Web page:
European Commission: High-Level Expert Group on Artificial Intelligence publishes Ethics Guidelines for Trustworthy AI
Ronan Ó Fathaigh
Institute for Information Law (IViR), University of Amsterdam
On 8 April 2019, the High-Level Expert Group on Artificial Intelligence (AI), which is an independent expert group set up by the European Commission, published its Ethics Guidelines for Trustworthy AI. The Guidelines are timely, given that both the Council of Europe (see IRIS 2019-4/3) and UNESCO (see IRIS 2019-1/8) have also been examining the benefits and risks of AI, and indeed, on 17 May 2019, the Foreign Ministers of the Council of Europe member States agreed to examine the feasibility of a legal framework for the development, design and application of artificial intelligence.
The purpose of the Guidelines is to promote trustworthy AI, and it sets out a framework for achieving this. The Guidelines contain a lengthy definition of AI systems: software systems designed by humans that, given a complex goal, act in the physical or digital dimension by perceiving their environment through data acquisition, interpreting the collected structured or unstructured data, reasoning on the knowledge, or processing the information, derived from this data and deciding the best action(s) to take to achieve the given goal.
The Guidelines begin by noting that trustworthy AI has three components which should be met throughout the system's entire life cycle: (a) it should be lawful, complying with all applicable laws and regulations; (b) it should be ethical, ensuring adherence to ethical principles and values; and (c) it should be robust, both from a technical and social perspective since, even with good intentions, AI systems can cause unintentional harm.
The 41-page Guidelines are divided into three chapters, with Chapter 1 setting out the foundations of trustworthy AI, grounded in fundamental rights and reflected by four ethical principles that should be adhered to in order to ensure ethical and robust AI: (1) respect for human autonomy, (2) prevention of harm, (3) fairness, and (4) explicability. Chapter 2 then puts forward a set of seven key requirements that AI systems should meet in order to be deemed trustworthy: first, human agency and oversight, where AI systems should empower human beings, allowing them to make informed decisions and fostering their fundamental rights; secondly, technical robustness and safety, which requires that AI systems be developed with a preventative approach to risks; thirdly, privacy and data governance, where AI systems must guarantee privacy and data protection throughout a system’s entire lifecycle; fourthly, transparency, where the data, system and AI business models should be transparent; fifthly, diversity, non-discrimination and fairness, where unfair bias must be avoided; sixthly, societal and environmental well-being, where broader society and the environment should be considered as stakeholders throughout the AI system’s life cycle; and seventhly, accountability, where mechanisms must be put in place to ensure responsibility and accountability for AI systems and their outcomes. Finally, Chapter 3 provides a Trustworthy AI assessment list to operationalise Trustworthy AI which is primarily addressed to developers and deployers of AI systems.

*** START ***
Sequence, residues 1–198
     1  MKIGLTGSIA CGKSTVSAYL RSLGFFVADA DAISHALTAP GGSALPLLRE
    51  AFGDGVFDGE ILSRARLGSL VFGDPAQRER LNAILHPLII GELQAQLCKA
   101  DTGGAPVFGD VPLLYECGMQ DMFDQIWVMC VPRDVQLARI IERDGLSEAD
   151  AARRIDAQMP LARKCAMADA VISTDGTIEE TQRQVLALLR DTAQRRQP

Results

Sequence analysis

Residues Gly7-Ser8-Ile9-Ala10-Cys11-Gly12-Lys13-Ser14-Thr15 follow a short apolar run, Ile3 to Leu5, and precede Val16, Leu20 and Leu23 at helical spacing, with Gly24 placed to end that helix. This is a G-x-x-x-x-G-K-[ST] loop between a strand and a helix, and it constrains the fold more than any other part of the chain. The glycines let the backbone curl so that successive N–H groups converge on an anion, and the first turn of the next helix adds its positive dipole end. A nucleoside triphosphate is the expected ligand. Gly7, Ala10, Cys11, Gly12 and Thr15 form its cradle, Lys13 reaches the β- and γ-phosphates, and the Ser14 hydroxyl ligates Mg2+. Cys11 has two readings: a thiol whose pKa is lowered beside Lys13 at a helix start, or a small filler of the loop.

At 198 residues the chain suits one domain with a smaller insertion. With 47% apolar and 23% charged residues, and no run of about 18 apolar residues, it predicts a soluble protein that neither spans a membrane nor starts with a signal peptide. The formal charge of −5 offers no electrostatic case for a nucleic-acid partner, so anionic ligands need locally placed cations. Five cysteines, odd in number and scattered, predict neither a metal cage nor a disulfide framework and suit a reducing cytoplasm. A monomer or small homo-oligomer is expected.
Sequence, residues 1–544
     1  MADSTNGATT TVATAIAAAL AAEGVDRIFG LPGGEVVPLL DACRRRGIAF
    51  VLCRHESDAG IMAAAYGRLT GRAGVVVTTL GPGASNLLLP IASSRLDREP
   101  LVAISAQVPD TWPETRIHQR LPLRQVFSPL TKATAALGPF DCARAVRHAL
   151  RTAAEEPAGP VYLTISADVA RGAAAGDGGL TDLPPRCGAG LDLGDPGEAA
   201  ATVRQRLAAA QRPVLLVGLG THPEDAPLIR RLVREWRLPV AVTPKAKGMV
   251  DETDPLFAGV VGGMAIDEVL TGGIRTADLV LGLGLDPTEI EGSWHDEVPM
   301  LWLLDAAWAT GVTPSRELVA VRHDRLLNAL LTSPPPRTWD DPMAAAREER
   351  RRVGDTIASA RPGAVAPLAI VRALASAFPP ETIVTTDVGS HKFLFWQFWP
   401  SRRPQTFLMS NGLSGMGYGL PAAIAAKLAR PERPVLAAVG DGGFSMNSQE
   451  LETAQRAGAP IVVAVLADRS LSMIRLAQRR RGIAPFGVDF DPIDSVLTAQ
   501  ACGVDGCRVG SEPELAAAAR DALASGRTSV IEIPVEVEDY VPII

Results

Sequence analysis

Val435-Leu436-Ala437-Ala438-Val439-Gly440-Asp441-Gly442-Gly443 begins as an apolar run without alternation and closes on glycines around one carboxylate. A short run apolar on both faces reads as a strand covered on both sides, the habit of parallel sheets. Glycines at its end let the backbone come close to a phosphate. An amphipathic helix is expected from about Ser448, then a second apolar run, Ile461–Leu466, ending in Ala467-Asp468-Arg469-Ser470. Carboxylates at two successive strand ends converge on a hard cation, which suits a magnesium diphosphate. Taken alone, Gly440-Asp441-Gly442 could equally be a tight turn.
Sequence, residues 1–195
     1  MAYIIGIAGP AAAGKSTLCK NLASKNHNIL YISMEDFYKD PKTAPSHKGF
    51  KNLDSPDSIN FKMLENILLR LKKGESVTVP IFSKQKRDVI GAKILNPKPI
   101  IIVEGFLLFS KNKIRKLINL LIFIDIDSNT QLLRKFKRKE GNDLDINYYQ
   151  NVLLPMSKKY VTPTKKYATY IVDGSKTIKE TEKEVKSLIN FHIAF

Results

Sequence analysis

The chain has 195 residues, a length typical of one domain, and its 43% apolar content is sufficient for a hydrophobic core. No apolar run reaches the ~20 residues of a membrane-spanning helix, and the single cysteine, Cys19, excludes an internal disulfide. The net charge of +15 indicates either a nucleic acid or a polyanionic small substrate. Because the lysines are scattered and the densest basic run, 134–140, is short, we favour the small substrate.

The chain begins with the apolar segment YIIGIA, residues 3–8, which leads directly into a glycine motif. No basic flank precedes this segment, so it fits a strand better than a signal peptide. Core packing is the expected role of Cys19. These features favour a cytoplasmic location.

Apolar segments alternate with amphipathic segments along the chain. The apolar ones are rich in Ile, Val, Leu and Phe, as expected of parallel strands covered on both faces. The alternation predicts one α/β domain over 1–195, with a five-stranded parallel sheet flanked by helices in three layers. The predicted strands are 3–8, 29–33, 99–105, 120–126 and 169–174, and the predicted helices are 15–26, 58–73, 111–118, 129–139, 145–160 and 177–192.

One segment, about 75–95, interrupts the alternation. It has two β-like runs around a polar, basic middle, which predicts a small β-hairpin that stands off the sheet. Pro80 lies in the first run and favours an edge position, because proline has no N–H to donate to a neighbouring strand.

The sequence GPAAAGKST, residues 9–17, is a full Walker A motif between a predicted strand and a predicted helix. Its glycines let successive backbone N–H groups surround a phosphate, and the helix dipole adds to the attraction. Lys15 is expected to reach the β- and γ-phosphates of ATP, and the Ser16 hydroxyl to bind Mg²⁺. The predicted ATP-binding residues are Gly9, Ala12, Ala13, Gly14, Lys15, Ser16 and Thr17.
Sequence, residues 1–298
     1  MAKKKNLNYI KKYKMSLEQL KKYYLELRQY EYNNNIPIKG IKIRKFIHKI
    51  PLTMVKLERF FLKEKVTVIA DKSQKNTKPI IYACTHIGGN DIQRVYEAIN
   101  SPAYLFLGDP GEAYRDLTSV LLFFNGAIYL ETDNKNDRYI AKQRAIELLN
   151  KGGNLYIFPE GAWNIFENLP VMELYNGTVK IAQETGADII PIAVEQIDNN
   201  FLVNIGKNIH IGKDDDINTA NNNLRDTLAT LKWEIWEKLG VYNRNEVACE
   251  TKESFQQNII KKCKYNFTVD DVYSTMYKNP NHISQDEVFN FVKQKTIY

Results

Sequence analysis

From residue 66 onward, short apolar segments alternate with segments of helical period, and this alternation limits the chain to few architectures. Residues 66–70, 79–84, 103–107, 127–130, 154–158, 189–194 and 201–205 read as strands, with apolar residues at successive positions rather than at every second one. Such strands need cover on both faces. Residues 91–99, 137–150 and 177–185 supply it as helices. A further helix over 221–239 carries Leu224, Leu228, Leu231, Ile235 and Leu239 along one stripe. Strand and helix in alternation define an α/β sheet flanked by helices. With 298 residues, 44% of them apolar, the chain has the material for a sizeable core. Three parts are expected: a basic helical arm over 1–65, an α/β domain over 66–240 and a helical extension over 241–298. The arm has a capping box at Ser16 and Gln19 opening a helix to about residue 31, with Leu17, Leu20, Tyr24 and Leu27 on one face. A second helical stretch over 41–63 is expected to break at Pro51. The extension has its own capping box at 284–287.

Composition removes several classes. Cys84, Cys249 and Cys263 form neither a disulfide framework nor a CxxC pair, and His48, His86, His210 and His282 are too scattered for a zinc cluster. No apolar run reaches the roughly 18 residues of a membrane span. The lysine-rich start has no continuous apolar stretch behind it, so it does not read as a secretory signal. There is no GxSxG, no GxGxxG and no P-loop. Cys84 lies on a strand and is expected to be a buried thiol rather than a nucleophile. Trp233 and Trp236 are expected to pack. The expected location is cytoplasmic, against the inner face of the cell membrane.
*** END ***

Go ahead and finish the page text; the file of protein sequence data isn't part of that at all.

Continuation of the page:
Following publication of the Guidelines, the European Commission will engage in a piloting process during summer 2019 to gather feedback, and the High-Level Expert Group on AI will review the assessment lists for the key requirements in early 2020.
- High-Level Expert Group on Artificial Intelligence, Ethics Guidelines for Trustworthy AI, 8 April 2019
- Council of Europe Newsroom, Foreign Ministers: towards a legal framework for artificial intelligence, 17 May 2019
This article has been published in IRIS Legal Observations of the European Audiovisual Observatory.